Schell: VR faces 'serious obstacles to growth' | Crain's Pittsburgh

Schell: VR faces 'serious obstacles to growth'

A screen shot of the Schell Games VR game "I Expect You to Die." | Photo courtesy of Schell Games.

Jesse Schell, founder and CEO of Schell Games in Pittsburgh, has some predictions about the future of virtual reality and augmented reality that buck the conventional wisdom.

Schell told an audience at the Augmented World Expo in this month that handheld controllers will be the norm, so-called parasite VR systems (where the VR device is powered by a smartphone or a computer) will be in the minority, and growth won’t be as swift as expected unless some of the technology’s inherent problems are fixed.

While VR could become a $22.5 billion industry by the year 2025, it faces some serious obstacles to growth. Most of them have to do with technology that’s not quite ready, including cumbersome headsets, Schell said.

“A lot of the technical obstacles will be overcome” by the year 2035, Schell said. if the industry can wrap its head around designing for user experience, like children, rather than designing for abstract ideas. “We’re not just designing for some gadget for the next generation of techno-literati people. We’re designing the eyes of the next generation,” Schell told the conference.  

Schell Games started in 2002 as a game design and development company. Schell’s background includes seven years working for Walt Disney Imagineering. He teaches at Carnegie Mellon University’s Entertainment Technology Center, where he works with student teams developing virtual worlds. Schell’s experiences put the company in a good place when the Oculus came out, and it started to seem like there was going to be a viable home VR path, said the company vice president of design Harley Baldwin.

“We had a lot of advantages because Jesse had been working with so many teams doing innovative things in VR,” Baldwin said. “Not all of the work [at CMU] is VR but it’s work that’s very much out on the bleeding edge. So we had the ability to leapfrog a lot of the early problems that other studios walked right into.”

The studio’s best-known game is "I Expect You to Die," one of the most popular VR games on the market. The first-person game that requires players to figure out how to escape a villain’s death traps has won rave reviews.

User experience

Most of the problems VR game companies are dealing with involve creating a realistic user experience, but when Schell Games created "I Expect You to Die," that user experience was central to the design process. The company puts a big emphasis on user testing for its games, and started doing prototypes to see what worked and what didn’t.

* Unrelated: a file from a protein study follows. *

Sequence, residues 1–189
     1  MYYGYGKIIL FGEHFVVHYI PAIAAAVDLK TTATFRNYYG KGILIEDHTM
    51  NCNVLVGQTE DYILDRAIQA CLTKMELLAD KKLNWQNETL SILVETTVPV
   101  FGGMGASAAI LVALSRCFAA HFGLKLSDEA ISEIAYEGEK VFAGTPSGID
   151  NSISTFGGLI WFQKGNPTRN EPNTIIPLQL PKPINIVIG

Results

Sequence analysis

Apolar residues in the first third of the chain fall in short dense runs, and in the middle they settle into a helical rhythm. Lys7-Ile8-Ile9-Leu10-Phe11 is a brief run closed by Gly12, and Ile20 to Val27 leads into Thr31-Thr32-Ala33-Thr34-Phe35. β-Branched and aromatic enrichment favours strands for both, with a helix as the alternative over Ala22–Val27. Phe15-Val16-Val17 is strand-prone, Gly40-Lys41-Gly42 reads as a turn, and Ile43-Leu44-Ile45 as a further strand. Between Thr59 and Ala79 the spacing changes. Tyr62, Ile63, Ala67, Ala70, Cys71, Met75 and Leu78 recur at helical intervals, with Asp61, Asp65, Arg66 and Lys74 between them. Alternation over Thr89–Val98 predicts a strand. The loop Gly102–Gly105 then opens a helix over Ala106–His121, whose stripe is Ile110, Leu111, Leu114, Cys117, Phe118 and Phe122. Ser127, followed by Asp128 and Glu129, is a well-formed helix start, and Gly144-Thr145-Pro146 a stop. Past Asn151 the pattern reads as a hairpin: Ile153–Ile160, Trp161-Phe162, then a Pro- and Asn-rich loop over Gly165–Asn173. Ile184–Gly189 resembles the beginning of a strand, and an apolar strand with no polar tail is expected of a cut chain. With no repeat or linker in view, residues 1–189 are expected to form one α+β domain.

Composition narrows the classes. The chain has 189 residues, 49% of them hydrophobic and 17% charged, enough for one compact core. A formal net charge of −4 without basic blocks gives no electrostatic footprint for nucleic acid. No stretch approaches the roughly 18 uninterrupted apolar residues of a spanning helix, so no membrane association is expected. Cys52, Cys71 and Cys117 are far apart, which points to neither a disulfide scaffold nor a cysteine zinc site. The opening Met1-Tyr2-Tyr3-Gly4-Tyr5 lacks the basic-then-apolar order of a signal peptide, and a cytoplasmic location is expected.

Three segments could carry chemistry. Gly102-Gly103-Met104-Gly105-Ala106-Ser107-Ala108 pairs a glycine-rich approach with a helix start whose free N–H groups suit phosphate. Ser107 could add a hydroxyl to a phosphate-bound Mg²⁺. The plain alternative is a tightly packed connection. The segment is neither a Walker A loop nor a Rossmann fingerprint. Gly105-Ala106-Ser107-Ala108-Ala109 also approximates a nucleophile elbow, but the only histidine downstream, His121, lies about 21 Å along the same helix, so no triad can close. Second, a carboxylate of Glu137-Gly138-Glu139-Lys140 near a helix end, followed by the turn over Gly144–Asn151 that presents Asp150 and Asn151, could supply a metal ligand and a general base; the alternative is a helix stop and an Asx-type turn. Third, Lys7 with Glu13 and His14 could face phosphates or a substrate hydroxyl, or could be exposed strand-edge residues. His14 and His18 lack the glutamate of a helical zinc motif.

“We have a process that is structured to try to help our games grow naturally,” Baldwin said. “We build these things slowly, over time.”

Like most design studios, Schell Games was tackling issues with the VR experience like embodiment, which is the sense the player feels of really being in the game. Some games go about it by making the player feel slightly nauseous, and many struggle to create an experience where a player really feels like they’re moving around.

“The question we were trying to figure out was how can we make it feel like they aren’t missing something by not moving around?”

It dawned on the team at Schell Games that super spies are always getting tied to a chair by the villain, who then gives them a big speech before leaving the hero to his or her death. So "I Expect You to Die" casts the player as a hero trying to use a gadget to escape the trap.

The key to success with VR games is to know the audience, Baldwin says, which is why Schell Games places such a high priority on play testing.

“It exposes the team to where players do and do not understand the game,” she said.

Going old-school

Having users talk about what they would like to experience is better than even old-school market research, Baldwin added. “We are taking them on a trip into unknown lands, so they should have an opportunity to decide which of those unknown lands they want to explore.”

As far as Schell’s remarks at the Augmented World Expo, Baldwin said she viewed it as a call to action, a kind of challenge to the rest of the industry to try to solve some of these problems and create better user experiences.

“The main thing I get from his talk is that he wants to see these problems solved faster, and he was speaking to the people who will be able to meet that challenge,” Baldwin said. “We are at the very beginning of what VR can and will become.”  

June 18, 2017 - 4:26pm